Royal Navy's new £3.1bn aircraft carrier HMS Prince of Wales undergoes upgrade and maintenance work

UPGRADES and maintenance work are being carried out on the Royal Navy’s new £3.1bn aircraft carrier.

Tuesday, 19th May 2020, 2:59 pm
Updated Tuesday, 19th May 2020, 4:39 pm

HMS Prince of Wales was manoeuvred at Portsmouth Naval Base this morning as the next phase of improvements begin.

Large white tents have appeared on the 65,000-tonne warship’s enormous four-acre flight deck where maintenance is taking place.

A spokesman for the navy added the carrier was also undergoing a ‘capability insertion period’, although did not elaborate on what this was.

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HMS Prince of Wales pictured with the white tents on her flight deck. Photo: Richard Jenkins

However, similar periods on Prince of Wales’s sister ship, HMS Queen Elizabeth, have seen the hi-tech warship bolstered with a formidable armament of anti-aircraft guns.

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Three Phalanx computer-controlled guns, which can empty a 1,550-round magazine at 4,500 rounds-per-minute against a range of threats on land and at sea, were fitted on the supercarrier.

HMS Prince of Wales returns to Portsmouth on 25 March 2020. Pictured: View from the Round Tower of HMS Prince of Wales. Picture: Habibur Rahman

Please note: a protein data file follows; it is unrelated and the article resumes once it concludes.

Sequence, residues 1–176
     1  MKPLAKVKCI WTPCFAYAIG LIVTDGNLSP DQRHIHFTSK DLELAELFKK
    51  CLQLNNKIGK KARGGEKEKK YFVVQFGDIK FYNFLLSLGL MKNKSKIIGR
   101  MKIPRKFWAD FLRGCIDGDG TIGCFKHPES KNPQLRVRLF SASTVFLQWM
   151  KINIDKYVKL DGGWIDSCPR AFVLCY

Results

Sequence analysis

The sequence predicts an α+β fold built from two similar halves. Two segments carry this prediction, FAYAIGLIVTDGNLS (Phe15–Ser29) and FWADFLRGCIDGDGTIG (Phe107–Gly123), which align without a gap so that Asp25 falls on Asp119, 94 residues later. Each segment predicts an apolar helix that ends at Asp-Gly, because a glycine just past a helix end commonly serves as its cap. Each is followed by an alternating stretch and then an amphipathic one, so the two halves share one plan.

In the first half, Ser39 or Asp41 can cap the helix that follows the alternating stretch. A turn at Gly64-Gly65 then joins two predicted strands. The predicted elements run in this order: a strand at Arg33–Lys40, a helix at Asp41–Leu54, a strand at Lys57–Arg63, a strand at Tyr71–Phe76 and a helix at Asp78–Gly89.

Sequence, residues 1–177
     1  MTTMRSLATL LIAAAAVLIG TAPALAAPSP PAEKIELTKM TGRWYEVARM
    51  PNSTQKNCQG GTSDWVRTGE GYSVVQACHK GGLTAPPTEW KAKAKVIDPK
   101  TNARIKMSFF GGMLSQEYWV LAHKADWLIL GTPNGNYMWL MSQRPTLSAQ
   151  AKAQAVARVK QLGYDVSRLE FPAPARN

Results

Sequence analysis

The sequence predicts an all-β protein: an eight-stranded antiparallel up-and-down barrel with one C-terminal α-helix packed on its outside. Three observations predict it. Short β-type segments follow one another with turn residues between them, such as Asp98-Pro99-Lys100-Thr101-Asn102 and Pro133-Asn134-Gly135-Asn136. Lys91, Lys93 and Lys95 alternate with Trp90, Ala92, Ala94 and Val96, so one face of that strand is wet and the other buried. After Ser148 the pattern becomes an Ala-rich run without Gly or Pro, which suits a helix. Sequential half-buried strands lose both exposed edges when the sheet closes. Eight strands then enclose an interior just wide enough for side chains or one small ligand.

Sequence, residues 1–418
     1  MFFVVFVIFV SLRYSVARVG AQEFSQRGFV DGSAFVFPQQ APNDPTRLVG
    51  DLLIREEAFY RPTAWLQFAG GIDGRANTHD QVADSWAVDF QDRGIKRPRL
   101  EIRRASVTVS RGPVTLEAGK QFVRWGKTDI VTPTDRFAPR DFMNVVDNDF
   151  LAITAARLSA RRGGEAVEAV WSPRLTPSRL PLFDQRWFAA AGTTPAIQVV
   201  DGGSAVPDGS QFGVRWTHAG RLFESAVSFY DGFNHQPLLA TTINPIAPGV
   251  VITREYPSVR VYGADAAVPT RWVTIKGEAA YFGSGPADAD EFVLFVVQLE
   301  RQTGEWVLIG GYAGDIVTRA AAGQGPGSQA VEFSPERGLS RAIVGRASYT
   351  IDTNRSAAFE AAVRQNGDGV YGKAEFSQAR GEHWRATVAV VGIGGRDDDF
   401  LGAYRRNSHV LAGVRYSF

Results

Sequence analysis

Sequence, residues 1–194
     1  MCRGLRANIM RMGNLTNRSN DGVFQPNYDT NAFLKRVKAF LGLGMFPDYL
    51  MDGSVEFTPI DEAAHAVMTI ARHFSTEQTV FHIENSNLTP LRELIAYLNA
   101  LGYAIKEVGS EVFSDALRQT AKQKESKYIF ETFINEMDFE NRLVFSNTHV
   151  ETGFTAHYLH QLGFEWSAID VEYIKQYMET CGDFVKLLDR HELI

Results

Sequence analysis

The navy launched an investigation into the incident, which saw water pouring through the ceiling into an accommodation area of the warship.

A Royal Navy spokesman said: ‘Following a minor issue with an internal system on HMS Prince of Wales, the ship's company were required to remove a small volume of water from the ship.

‘An investigation into the cause is now under way but this will not affect the ship's programme.’

It is understood that the pipe was isolated quickly and the water was mopped up by the crew.

Earlier this month, HMS Prince of Wales tested its safety systems including the deployment of life rafts and emergency chutes while HMS Queen Elizabeth set sail from Stokes Bay, last week to carry out sea trials off the south coast.

The ship is carrying out her next phase of training, while her crew is being assessed by the navy’s team of examiners, who look at how sailors react to various situations they could experience at sea or on operations.

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